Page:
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|Planning Commission backs Legoland proposals
North County Times
Original Article »
December 06, 2007
CARLSBAD -- Kids who can't get enough of Legoland during the day could
have the option of an overnight stay at the Carlsbad amusement park
under a proposal that's now headed to the City Council.
option of hosting pirate-themed campouts, along with a second proposal
to speed the city approval process for any new rides at the park, won
approval from the city's Planning Commission in a 6-0 vote Wednesday
The City Council will review Legoland's plans early next
year, and the company also needs approval from the state Coastal
Commission because the park is within its coastal review region, city
Senior Planner Van Lynch said.
Legoland, which opened in 1999,
occupies a 128-acre parcel roughly bordered by Palomar Airport Road to
the south and Cannon Road to the north. Its main entrance comes in off
As they reviewed the park's proposals Wednesday,
commissioners remarked that the place, which takes its name from Lego
building blocks, was hugely controversial before it was built. People
said at the time that it give the city a trashy tourist look
reminiscent of the area around Disneyland. That's why city officials
mandated, among other things, that any new ride proposals go through
the city's extensive public hearing process, they said.
the years since the park has opened, Legoland's operations have
generated little controversy. Few people even come to the public
hearings for the new ride proposals, much less comment negatively.
Wednesday's event was typical -- one person from the public spoke, and
he said the overnight campouts sounded great and urged the city to jump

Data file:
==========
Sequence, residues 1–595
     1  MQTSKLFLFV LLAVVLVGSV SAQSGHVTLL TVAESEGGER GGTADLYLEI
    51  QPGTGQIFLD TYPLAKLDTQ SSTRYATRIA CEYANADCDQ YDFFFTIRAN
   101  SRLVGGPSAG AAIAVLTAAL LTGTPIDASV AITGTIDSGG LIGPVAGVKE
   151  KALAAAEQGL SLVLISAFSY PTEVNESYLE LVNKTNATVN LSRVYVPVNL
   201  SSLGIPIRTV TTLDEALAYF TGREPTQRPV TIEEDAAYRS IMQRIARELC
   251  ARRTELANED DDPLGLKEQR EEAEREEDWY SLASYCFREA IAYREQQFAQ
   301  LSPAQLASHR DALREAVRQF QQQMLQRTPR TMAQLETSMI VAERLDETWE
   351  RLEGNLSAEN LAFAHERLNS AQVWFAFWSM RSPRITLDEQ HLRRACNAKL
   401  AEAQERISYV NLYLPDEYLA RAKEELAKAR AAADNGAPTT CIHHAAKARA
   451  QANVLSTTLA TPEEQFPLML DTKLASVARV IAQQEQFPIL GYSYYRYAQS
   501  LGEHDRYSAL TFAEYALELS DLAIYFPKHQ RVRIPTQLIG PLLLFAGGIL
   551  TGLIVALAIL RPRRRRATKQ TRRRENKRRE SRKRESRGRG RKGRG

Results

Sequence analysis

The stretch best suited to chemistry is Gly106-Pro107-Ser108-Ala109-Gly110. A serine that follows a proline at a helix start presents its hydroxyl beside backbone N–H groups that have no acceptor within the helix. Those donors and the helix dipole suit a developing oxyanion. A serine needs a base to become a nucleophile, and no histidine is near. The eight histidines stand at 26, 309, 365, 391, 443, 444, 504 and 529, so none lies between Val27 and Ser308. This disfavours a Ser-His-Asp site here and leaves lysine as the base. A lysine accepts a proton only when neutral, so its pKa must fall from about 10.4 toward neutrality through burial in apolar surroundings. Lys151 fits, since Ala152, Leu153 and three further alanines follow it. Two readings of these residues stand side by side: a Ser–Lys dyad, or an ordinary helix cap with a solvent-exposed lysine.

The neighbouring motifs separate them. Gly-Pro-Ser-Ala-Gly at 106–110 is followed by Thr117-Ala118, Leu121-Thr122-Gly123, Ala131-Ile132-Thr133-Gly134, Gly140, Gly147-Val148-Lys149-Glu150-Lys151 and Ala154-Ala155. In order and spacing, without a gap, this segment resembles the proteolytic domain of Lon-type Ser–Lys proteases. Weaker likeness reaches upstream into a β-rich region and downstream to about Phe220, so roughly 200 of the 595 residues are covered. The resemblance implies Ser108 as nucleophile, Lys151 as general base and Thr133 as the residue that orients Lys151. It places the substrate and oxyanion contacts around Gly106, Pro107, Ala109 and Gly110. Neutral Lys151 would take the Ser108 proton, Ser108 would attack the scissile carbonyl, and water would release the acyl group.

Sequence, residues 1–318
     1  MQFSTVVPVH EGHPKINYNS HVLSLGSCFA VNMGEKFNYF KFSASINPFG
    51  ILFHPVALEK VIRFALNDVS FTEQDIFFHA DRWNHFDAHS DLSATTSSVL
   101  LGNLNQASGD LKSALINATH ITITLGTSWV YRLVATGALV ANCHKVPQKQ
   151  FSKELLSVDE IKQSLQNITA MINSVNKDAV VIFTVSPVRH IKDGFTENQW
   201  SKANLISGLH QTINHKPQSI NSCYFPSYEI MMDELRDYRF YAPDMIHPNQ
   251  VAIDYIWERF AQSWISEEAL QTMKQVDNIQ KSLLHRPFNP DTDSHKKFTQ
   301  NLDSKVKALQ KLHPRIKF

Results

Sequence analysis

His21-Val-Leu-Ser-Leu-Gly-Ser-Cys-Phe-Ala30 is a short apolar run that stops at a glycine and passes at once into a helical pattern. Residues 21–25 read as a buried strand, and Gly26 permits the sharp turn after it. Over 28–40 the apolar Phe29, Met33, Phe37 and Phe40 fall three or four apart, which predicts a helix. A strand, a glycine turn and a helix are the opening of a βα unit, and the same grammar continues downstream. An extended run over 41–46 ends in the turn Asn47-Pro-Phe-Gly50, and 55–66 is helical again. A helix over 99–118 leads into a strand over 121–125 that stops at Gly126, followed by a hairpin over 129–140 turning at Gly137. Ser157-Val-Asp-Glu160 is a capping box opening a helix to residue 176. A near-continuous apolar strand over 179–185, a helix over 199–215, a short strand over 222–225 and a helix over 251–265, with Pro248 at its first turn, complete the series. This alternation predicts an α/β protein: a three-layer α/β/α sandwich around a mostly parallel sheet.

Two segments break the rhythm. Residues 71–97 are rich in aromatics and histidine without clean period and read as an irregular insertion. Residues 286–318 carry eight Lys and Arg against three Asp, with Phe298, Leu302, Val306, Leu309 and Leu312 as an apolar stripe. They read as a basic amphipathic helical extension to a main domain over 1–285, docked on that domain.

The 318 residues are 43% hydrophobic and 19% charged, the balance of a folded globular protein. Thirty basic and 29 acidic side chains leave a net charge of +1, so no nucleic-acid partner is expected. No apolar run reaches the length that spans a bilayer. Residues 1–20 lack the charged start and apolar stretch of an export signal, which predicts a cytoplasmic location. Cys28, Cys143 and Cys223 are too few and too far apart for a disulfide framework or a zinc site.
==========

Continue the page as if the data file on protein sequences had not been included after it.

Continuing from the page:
on the idea.
Commission Chairwoman Julie Baker said Legoland has
earned the right to have more flexibility when adding new rides.
Commissioner Bill Dominguez agreed that the park's history so far had
been good, but said he had concerns about the future because the park's
ownership changed in 2005.
The new owner -- Merlin
Entertainments Group -- is "really untested at this time," Dominguez
said, adding he believes the city made a promise to the community to
tightly control what happens at the park.
"I will lend my support, but I think those things need to be said," he added.
proposal to go before the City Council calls for a faster-track
approval process for new rides within the park's core 35-acre interior
-- the reviews would be handled at the city staff level rather than
going through a full-scale public hearing process. The change would
mean that projects such as the recently added pirate-themed water-play
region would not require a public hearing. However, adding something
like a huge roller coaster would trigger the public meetings, Lynch
Under the current restrictions, Legoland also hasn't been
allowed to have overnight guests. It's now asking for permission for a
campground program that could accommodate up to 275 people a night in
80 to 85 tents. Park general manager John Jakobsen said the nightly
campout sessions would mostly take place during the summer and would
only be open to amusement park visitors.